By Jared Chausow
By Katie Toth
By Elizabeth Flock
By Albert Samaha
By Anna Merlan
By Jon Campbell
By Jon Campbell
By Albert Samaha
Who's smarter than Bobby Valentine? Voicereaders. And Brian Calandra of Astoria, in particular. After tabulating 7,142,246 votes (or thereabouts) with Arthur Andersen-like precision, we declare Calandra the grand prize winner of the Voice's first Annual Cryogenic Baseball Quiz.
He got all the answers rightso did dozens of othersbut it was the fourth paragraph of his essay question touting Henry Aaron as the greatest living ballplayer that clinched it for Mr. C. "My nostalgia GLB is legendary Yank phenom Dan Pasqua, whose two-run homer off Dan Quisenberry rapturously ended my first visit to Yankee Stadium and inspired me to wear his "21" throughout Little League. But I'd forget that tomorrow if any player's heroics got me laid, and that hasn't happened yet (sex, yes; baseball-inspired sex, no), although both a Shane Spencer-inspired home run and Hideki Irabu win (problems with my pitches, not his) came close." Words to live by, indeed. Calandra wins a copy of Richard Tofel's A Legend in the Making, a copy of Allen Barra's Clearing the Bases, and a Voice ball cap, which will surely help him get laid.
Our second prize goes to Desmond Devlin of Jackson Heights, who submitted the very last entry we received, touting Albert Belle in the kind of 13-point argument that makes sense only in the wee hours: "(1) He overcame substance abuse to become an inspirational figure to all Americans, just like President Bush. . . . (4) When Saint Cal ended his streak, Belle became the active player with the most consecutive games played, which pissed everyone off. . . . (13) He'll never get the chance to make the shortest Hall of Fame speech ever: 'No comment.'" Devlin gets a Barra-filled prize package of Clearing the Basesand That's Not the Way It Was, as well as an open invitation to come trick-or-treating at my house anytime.
Rounding out our top fiveeach will receive a cap, a book, and a year's worth of gloating rightsare Chris Brame of Bishop, Georgia, who gave it up for Roger Clemens; Eric Chaikin of Hollywood, California, who made a short but sweet argument for a certain Red Sox reliever ("I was a teenage Mets fan in New England for the sixth game of the 1986 World Series and can therefore state from personal experience that the greatest living ballplayer is Calvin Schiraldi"); and Owen King of Brooklyn, who would immortalize "the idea of Willie Mays."
Receiving honorable mentionsand one cap eachfor their essays, despite stumbling on a question or two, are Glenn Slavin of Brooklyn, who reminded us about the great Sadaharu Oh; Joel Rhymer of Freedom, New Hampshire, who cited the wit and wisdom of Bill Lee; and Ed Heinemann of Chicago, who cast Mark Fidrych as baseball's Bartleby. ("When the Bird talked to the Ball, we were reminded that control is a performance, an act of will, or just an illusion, not unlike the illusion that allows us to be fans, muttering to the TV, shouting from the stands, feeling intensely our effect on the action even as we know it doesn't exist, living in that hope for those who die unhoping.")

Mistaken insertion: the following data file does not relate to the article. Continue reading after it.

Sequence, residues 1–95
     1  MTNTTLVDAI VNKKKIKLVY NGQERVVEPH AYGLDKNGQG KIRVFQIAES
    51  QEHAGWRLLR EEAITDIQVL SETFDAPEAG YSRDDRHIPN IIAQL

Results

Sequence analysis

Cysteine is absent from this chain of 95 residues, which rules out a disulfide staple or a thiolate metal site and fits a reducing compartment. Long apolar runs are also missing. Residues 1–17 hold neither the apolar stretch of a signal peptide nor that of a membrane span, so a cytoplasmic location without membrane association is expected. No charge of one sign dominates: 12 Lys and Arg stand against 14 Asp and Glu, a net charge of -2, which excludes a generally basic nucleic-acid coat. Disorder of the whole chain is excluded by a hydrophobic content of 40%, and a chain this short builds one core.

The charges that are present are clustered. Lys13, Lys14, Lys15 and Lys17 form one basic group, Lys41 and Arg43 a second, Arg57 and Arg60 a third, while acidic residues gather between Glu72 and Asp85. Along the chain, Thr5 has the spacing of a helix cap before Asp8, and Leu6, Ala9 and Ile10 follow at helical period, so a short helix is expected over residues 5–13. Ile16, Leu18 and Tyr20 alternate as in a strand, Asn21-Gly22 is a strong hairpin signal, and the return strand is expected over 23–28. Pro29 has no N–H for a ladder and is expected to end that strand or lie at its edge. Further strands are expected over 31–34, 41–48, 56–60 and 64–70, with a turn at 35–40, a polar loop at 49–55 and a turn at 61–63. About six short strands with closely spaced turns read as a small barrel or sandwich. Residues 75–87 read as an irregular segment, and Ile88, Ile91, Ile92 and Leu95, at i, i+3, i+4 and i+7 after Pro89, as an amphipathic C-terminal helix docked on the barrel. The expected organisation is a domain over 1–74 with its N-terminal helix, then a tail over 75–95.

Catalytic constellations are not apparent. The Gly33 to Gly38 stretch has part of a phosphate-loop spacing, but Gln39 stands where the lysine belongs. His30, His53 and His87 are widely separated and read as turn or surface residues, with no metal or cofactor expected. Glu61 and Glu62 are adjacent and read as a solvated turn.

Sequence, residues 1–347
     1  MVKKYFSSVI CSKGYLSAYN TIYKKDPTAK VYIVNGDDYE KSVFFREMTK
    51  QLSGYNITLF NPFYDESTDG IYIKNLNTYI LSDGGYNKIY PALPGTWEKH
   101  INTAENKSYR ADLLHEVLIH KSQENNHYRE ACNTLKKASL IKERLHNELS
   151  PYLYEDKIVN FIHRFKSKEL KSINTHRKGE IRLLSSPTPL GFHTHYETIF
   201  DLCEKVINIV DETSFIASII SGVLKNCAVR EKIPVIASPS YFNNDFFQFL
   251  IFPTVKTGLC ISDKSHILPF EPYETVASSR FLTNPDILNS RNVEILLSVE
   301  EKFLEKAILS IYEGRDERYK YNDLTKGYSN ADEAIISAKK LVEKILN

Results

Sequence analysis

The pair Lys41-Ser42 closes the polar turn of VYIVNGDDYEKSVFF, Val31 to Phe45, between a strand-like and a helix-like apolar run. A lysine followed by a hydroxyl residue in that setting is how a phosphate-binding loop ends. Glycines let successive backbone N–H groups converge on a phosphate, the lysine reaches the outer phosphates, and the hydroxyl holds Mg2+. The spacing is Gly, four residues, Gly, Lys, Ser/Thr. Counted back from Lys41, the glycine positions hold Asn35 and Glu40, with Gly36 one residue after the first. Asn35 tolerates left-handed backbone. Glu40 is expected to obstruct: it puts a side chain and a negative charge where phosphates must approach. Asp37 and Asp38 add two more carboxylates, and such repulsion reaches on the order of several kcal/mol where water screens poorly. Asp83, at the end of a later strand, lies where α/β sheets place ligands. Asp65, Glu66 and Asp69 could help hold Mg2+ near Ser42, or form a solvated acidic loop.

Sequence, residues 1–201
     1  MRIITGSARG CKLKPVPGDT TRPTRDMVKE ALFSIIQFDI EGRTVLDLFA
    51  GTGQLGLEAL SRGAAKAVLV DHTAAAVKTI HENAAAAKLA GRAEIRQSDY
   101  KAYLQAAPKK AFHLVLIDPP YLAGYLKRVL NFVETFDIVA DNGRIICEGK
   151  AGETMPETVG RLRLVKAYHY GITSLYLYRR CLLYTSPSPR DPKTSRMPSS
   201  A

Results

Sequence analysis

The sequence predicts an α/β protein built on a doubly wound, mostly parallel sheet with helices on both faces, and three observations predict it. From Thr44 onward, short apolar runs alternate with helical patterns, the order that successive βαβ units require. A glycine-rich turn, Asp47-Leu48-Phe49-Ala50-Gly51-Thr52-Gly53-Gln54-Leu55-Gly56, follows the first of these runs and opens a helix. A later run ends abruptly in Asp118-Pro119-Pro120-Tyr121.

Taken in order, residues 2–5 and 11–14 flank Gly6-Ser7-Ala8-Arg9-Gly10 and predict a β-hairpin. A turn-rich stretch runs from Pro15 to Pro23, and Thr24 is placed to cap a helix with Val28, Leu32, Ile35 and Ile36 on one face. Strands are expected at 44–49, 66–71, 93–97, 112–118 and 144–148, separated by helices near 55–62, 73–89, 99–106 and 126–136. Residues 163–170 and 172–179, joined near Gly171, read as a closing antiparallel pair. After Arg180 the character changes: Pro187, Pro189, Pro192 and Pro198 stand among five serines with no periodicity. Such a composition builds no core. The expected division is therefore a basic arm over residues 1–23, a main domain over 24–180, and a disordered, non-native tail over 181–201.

But enough bookkeeping. So who is the greatest living ballplayer? According to our team of crack, Florida-based election judges, it's Willie Mays, who tallied 44 percent of the vote. Second was Hank Aaron (15 percent), followed by Barry Bonds (10 percent), and Stan Musial (6 percent). A wide variety of suspects split the remaining chads, ranging from Sandy Koufax and Bob Gibson to Mookie Wilson and Willie McGee.
The average score by our entrants was a very impressive 12.84 out of a possible 14 (not including the essay). The hardest question was No. 5, a quasi-trick question on baseball deaths. All the incidents were true, but Bernard Malamud fans should remember that Eddie Waitkus survived being shot by the deranged female fan.
Props to all the seamheads who entered, but pay attention, because next year you'll have to be smarter than Joe Torre.
1. About which current major leaguer did Bill James recently write, "Somebody asked me did I think [ X] was a Hall of Famer. I told him, 'If you could split him in two, you'd have two Hall of Famers.' "
Rickey Henderson, in the New Historical Baseball Abstract.
2. Yankee closer Mariano Rivera, whose errant throw probably cost the Yankees the 2001 World Series, was charged with two errors in the first half of the 2002 season. How many regular-season errors did he have entering the 2002 season?
Rivera had committed one regular-season error (on July 24, 2001) in his career entering the 2002 season.
3. Who am I? As a hitter, I'm a virtual clone of Jason Giambi. Entering this season, my career slugging percentage was one point higher than his, my career on-base percentage was one point lower. Even though I'm only six months older, I've hit almost a hundred more home runs, and played in 11 postseason series to Giambi's two.
Jim Thome, although there was a typo in the questionit should have read "my career slugging percentage is 10 points higher." However, this did not affect the results of the quiz because no one got only this question wrong.
4. In the 1972 Flood v. Kuhn decision that temporarily upheld baseball's reserve clause, Supreme Court justice Harry Blackmun pontificated about the "many names, celebrated for one reason or another, that have sparked the diamond and its environs and that have provided tinder for recaptured thrills, for reminiscence and anticipation in-season and off-season." He then listed more than 80 of the game's greats and not-so-greats. Which of the following was not included in the list?